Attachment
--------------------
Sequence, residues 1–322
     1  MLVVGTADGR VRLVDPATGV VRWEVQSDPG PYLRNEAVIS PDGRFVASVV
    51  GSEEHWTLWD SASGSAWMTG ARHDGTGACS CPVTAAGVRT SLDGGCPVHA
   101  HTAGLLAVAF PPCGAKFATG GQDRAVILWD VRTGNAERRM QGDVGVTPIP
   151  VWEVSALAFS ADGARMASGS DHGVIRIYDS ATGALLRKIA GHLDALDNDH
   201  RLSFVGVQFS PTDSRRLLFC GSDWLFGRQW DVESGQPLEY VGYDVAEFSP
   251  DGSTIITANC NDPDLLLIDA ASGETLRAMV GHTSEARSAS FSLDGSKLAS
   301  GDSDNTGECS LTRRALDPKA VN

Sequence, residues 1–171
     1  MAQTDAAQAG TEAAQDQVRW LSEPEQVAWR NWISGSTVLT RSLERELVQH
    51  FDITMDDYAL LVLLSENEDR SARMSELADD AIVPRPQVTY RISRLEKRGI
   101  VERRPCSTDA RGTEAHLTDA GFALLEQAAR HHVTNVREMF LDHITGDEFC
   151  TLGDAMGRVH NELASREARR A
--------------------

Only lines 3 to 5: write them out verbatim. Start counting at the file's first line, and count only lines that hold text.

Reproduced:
    51  GSEEHWTLWD SASGSAWMTG ARHDGTGACS CPVTAAGVRT SLDGGCPVHA
   101  HTAGLLAVAF PPCGAKFATG GQDRAVILWD VRTGNAERRM QGDVGVTPIP
   151  VWEVSALAFS ADGARMASGS DHGVIRIYDS ATGALLRKIA GHLDALDNDH